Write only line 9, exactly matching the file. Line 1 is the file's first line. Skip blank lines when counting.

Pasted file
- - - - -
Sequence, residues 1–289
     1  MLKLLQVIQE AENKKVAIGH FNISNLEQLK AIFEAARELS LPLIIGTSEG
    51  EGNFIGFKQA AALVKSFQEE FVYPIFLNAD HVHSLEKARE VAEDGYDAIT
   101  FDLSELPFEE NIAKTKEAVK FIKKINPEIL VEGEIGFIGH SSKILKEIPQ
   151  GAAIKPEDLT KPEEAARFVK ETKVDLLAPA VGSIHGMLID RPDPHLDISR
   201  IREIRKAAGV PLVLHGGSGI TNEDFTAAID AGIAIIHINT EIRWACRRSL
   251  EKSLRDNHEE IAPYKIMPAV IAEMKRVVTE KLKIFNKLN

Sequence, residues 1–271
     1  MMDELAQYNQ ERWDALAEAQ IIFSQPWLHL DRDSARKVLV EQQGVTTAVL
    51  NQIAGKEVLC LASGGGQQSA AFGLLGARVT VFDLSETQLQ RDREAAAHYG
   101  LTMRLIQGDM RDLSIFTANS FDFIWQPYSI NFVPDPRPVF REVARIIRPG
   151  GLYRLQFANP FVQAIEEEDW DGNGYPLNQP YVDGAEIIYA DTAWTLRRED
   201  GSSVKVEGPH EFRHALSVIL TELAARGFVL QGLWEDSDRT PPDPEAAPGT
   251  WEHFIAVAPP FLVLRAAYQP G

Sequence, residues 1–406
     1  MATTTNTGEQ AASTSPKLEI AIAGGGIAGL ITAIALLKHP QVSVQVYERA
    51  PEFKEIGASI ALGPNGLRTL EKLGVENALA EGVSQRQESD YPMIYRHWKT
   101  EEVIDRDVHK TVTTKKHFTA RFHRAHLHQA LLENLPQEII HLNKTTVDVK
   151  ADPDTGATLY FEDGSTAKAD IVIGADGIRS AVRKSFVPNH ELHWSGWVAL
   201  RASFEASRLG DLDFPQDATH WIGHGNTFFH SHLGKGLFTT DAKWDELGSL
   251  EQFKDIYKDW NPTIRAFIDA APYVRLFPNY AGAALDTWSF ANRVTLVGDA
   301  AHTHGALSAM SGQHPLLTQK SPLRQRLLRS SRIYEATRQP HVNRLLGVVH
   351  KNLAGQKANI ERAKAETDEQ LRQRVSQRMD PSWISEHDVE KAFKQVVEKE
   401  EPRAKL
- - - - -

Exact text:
     1  MMDELAQYNQ ERWDALAEAQ IIFSQPWLHL DRDSARKVLV EQQGVTTAVL